390 x 280 mm. (15 x 11 in.)
With Seiferheld, New York.
Only recently has information on this important early French artist come to light. Painter, draughtsman, and printmaker, Saint-Igny was apprenticed in Rouen in 1614, where he petitioned to establish a confraternity to Saint Luke in 1631 and was declared master in 1635. By 1629, however he was already established in Paris where he worked for much of his life. Saint-Ignys work encompassed a variety of genres-religious, historical, mythological, and allegorical, and he is now acknowledged to be one of the most important early French engravers and printmakers.
His drawings in red chalk are extremely rare and are executed in a free, loose and animated style. Two of the figures on this sheet are related to two paintings by or after Abraham Bosse (1602-1676), a contemporary and friend of Saint-Igny, and an artist with whom he is known to have collaborated. The figure of a Page Holding a Cup is related to a figure in Bosses painting of the Feast Given by Louis XIII to the New Members of the Order of Saint Esprit, Given at the Chateau of Fontainebleau, May 14, 1633 1, and the figure of a cavalier with a plumed hat seen from the rear can be seen in Bosses painting of The Five Senses c.1635 in the Musee des Beaux-Arts, Tours 2.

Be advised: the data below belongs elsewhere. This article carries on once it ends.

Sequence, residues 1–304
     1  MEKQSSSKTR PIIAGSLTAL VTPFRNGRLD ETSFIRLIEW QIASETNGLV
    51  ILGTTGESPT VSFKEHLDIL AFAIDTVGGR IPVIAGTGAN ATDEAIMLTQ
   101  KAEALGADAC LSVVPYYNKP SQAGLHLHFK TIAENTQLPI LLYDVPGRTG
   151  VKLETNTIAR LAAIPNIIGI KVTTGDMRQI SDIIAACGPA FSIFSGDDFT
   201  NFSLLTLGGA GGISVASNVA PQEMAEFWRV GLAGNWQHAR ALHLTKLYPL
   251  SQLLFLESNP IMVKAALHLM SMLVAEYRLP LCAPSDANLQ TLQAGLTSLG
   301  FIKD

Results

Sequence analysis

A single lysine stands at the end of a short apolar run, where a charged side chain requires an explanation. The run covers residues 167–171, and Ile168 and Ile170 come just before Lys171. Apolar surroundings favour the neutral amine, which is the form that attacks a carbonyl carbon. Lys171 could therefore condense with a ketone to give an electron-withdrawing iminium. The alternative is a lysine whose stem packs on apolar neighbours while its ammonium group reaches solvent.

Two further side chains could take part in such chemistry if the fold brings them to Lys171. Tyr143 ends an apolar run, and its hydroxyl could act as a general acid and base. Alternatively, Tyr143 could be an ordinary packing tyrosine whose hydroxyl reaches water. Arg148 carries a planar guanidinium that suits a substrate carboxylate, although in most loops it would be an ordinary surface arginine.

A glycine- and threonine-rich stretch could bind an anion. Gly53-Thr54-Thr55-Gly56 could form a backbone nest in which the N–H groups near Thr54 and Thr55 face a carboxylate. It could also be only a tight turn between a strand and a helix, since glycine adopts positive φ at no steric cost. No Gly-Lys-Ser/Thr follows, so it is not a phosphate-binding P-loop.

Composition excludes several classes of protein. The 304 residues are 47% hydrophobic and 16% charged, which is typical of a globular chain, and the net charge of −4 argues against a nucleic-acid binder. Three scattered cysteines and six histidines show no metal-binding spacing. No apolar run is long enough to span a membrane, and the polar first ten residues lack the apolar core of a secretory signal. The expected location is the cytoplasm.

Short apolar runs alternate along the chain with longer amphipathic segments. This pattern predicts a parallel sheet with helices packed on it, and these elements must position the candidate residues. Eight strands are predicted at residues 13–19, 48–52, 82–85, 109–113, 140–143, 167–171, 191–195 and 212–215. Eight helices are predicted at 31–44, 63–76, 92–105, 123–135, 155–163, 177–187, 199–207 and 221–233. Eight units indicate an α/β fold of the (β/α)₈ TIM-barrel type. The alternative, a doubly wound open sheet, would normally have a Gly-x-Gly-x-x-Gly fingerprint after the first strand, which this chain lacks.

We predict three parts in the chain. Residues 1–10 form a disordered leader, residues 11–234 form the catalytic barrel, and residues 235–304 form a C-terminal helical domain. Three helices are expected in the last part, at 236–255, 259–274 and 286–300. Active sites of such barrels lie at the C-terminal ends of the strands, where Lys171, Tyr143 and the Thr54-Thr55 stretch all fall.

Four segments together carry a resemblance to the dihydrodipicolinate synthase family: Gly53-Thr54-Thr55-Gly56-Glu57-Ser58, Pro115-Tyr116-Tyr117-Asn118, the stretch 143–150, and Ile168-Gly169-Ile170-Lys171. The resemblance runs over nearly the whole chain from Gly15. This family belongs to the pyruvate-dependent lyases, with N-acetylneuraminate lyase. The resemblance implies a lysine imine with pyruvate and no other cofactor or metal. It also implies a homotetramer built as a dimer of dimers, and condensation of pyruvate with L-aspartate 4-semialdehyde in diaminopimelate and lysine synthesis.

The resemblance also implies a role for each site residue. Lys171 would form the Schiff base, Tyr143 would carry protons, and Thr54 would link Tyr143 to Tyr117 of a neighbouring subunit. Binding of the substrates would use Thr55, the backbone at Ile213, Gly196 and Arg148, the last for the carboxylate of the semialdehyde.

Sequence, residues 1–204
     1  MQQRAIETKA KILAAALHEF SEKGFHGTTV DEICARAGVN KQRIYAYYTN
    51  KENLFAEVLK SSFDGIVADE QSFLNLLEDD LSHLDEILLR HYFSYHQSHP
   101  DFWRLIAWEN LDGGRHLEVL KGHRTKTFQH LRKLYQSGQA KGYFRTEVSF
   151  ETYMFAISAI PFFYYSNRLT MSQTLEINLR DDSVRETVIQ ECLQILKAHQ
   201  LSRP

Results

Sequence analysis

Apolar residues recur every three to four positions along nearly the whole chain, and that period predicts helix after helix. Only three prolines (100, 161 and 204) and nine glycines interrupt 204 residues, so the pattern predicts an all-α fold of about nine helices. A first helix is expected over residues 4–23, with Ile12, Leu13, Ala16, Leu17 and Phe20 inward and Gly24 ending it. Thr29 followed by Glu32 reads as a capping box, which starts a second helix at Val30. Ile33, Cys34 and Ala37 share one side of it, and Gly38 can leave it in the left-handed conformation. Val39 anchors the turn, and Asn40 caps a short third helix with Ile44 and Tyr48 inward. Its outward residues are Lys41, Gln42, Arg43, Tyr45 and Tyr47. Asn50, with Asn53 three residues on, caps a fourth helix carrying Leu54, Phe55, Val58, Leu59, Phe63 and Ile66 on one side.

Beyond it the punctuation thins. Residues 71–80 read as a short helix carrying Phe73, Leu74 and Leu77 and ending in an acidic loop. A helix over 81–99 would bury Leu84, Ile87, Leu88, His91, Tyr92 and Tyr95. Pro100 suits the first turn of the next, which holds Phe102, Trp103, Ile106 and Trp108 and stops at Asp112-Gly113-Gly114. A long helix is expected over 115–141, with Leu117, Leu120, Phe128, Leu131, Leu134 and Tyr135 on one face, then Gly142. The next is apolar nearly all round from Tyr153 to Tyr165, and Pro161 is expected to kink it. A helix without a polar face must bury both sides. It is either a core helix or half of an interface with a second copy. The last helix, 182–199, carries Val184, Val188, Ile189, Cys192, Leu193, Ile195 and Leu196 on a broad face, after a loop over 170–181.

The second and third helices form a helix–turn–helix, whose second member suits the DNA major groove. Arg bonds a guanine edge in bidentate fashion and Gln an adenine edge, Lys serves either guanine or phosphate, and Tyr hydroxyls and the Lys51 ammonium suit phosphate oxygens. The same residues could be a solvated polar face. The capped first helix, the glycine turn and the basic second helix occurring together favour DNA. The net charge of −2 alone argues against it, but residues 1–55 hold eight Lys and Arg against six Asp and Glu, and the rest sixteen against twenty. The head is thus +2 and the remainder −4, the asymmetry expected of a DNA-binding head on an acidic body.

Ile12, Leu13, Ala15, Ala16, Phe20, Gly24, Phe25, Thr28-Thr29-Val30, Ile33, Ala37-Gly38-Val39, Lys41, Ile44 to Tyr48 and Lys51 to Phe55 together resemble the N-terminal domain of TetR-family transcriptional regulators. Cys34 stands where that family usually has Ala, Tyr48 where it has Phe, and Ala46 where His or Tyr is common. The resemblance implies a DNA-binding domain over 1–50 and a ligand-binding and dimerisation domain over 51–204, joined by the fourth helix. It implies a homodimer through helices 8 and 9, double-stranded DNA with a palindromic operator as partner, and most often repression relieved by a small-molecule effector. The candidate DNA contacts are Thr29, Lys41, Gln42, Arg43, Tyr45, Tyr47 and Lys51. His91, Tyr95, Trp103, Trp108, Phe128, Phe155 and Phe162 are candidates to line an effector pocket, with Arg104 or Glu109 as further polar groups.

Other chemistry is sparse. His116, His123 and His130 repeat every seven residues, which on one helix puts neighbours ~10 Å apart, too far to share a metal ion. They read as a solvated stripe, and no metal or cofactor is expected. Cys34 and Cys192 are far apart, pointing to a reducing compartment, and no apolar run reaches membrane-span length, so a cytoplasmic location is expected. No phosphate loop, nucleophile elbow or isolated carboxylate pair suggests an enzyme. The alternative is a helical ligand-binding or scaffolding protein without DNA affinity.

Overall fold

Saint-Ignys ability to capture the spirit of the Age of the Three Musketeers creates a window into a distant time and makes it vibrant and resonant to us today.
It is likely that the artist who drew this sheet was familiar with the graphic style of Saint-Igny.
1. Richelieu, Art and Power, Edited by Hilliard Todd Goldfarb, Montreal Museum of Fine Arts, Cologne, 2002, page 198, fig. 86 (illus.).
2. Andre Chastel, French Art, The Ancien Regime 1620-1775, Paris, 1996, pg.101 (illus.).